Uzbekistan is one of the world's largest producers of gold and uranium. In the last 40 years, Uzbekistan has built a strong mining industry, which is expected to grow in the years to come, given that only 20 % of the country’s territory has yet been explored. The expected rise in the number and scale of mines will also translate in an increase in tailings management facilities holding the by-products of the extraction process, bringing risks to the environment and over 34 million people living in the country.
To date, Uzbekistan has 41 tailings management facilities, of which 10 could potentially have transboundary effects. In addition, Uzbekistan is a downstream country that can be affected by accidental water pollution in upstream countries. Strengthening inter-agency and transboundary cooperation is therefore key in preventing accidental water pollution, in the first place, and in mitigating the adverse effects through prompt notification and response, in case of an accident.
In response, Uzbekistan held an inception meeting on 27 April 2023 to discuss the establishment of an inter-institutional working group on tailings safety and the prevention of accidental water pollution (IIWG). With this Uzbekistan would follow Kazakhstan and Tajikistan which both established such a working group formally in 2022.
The objective of the IIWG in Uzbekistan is to serve as a platform for and to improve inter-institutional coordination and cooperation among industrial safety, water, and other relevant authorities and institutions as well as with operators, academia and NGOs on preventing accidental water pollution with potential cross-border effects. Kazakhstan and Tajikistan have held two meetings of their IIWGs to date, resulting in good discussions and trust building among all relevant stakeholders and in concrete actions to take to prevent accidental pollution from mine tailings, as included in the respective workplans of the groups.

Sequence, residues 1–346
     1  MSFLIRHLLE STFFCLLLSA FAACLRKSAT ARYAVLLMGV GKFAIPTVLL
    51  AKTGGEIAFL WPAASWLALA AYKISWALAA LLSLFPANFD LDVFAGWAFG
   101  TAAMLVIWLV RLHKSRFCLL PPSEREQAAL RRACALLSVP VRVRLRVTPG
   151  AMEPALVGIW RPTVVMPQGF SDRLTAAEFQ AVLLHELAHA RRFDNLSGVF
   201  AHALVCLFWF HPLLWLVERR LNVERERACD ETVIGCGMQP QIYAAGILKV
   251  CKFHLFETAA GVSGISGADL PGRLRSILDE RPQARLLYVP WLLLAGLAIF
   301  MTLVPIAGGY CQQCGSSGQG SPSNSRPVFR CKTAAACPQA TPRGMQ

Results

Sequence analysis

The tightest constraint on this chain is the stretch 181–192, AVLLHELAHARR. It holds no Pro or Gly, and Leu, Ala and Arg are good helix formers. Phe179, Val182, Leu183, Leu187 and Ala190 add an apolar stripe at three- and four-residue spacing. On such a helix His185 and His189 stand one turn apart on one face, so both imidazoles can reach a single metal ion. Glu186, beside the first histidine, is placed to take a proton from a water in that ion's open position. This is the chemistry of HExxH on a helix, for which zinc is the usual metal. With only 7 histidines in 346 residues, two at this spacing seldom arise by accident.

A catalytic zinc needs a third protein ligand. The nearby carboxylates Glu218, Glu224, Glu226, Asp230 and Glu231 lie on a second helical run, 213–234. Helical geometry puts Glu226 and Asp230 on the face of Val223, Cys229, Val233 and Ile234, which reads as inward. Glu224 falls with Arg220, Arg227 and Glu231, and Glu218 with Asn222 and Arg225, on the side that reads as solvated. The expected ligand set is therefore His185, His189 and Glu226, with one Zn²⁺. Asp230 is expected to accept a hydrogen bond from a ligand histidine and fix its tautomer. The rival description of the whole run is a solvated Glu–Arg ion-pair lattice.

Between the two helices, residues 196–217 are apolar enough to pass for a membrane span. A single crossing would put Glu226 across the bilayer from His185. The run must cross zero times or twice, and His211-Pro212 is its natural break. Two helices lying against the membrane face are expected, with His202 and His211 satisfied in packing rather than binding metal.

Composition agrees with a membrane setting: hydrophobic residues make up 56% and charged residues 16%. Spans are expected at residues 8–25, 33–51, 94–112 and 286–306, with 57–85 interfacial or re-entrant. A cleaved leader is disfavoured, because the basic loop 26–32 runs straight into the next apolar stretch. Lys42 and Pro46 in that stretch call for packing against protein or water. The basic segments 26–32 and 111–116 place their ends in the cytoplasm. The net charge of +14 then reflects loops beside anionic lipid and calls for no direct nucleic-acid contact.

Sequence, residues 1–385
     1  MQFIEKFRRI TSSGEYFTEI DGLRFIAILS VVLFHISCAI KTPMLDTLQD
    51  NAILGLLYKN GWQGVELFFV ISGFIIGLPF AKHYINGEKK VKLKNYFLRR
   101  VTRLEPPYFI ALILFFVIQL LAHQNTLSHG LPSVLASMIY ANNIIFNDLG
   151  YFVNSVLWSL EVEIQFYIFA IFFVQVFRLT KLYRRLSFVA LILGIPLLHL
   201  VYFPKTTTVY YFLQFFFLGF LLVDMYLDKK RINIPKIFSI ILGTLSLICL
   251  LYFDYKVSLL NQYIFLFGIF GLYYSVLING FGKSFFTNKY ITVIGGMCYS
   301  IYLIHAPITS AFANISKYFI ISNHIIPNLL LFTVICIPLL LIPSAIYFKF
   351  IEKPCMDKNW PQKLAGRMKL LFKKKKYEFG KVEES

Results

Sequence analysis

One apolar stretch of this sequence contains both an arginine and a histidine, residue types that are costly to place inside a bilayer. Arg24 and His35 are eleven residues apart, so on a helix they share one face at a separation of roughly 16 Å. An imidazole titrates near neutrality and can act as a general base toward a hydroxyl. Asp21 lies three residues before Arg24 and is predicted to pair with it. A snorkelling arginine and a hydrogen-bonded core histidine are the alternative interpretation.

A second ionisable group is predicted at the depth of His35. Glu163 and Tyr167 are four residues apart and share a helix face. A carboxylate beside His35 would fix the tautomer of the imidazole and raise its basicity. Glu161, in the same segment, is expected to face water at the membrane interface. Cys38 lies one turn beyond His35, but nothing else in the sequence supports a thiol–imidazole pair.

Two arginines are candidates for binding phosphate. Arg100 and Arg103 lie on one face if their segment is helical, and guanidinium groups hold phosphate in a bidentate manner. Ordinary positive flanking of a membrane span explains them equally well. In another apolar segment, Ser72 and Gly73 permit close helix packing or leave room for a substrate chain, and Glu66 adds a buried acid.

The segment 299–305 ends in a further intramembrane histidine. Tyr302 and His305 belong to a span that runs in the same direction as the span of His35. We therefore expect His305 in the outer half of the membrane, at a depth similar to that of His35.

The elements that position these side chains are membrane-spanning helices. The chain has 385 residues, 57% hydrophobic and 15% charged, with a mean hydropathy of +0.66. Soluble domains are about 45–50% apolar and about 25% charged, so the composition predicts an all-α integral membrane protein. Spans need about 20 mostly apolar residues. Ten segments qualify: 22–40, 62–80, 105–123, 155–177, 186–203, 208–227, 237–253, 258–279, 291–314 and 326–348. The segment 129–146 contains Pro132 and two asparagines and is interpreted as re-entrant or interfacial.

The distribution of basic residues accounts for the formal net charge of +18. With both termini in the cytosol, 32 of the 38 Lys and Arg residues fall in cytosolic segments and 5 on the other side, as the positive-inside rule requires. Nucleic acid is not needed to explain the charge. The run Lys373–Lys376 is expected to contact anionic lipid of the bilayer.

The meeting brought together representatives from different national authorities: the Ministry of Natural Resources, Ministry of Mining and Geology, Ministry of Emergency Situations, Ministry of Water Resources, Ministry of Employment and Poverty Reduction, Ministry of Health Care, and the Center for Specialized Analytical Control under the Ministry of Natural Resources.
Mr. Jahongir Talipov, Head of the International Cooperation and Projects Department in the Ministry of Natural Resources of Uzbekistan emphasized the progress Uzbekistan has made to overcome the risks related to hazardous elements and industrial safety threats and stressed that the IIWG would enable Uzbekistan to strengthen national capacity and governance, contribute to the country’s 2030 environmental goals and to work towards accession to the Industrial Accidents Convention, as contained in the Concept of Environmental Protection of the Republic of Uzbekistan until 2030.
Participants reviewed UNECE tools and activities on strengthening mine tailings safety as well as the benefits, challenges and lessons learnt in the establishment of the IIWGs in Kazakhstan and Tajikistan. They also discussed the draft Terms of Reference (ToRs) of the IIWG in Uzbekistan, and all Ministries agreed to provide written comments on these after the meeting. Due to the recent administrative reform and related change of responsibilities, participants agreed to explore two options: the integration of the scope of work of the IIWG into an existing inter-agency working group (e.g. a CBRNE working group) and the establishment of a separate IIWG.
Uzbekistan, while not a Party to the Industrial Accidents Convention, is a beneficiary of the Convention’s Assistance and Cooperation Programme since 2005. As such, Uzbekistan has received support in the form of project activities, trainings, seminars, reports and recommendations to encourage continued implementation of the UNECE Industrial Accidents Convention. Uzbekistan is also a Party to the Water Convention since 2007. Both the Water and Industrial Accidents Convention cooperate closely on the prevention of accidental water pollution, including through their Joint Expert Group on Water and Industrial Accidents.
UNECE supports Uzbekistan in establishing the IIWG, organizing an on-site training at a tailings management facility and strengthening subregional cooperation, thanks to financial support by the Swiss Federal Office of the Environment. Further information about the ongoing project on strengthening tailings safety and the prevention of accidental water pollution in Uzbekistan (2021-2023) can be found at: https://unece.org/environment-policy/project-strengthening-tailings-safety-and-prevention-accidental-water-pollution.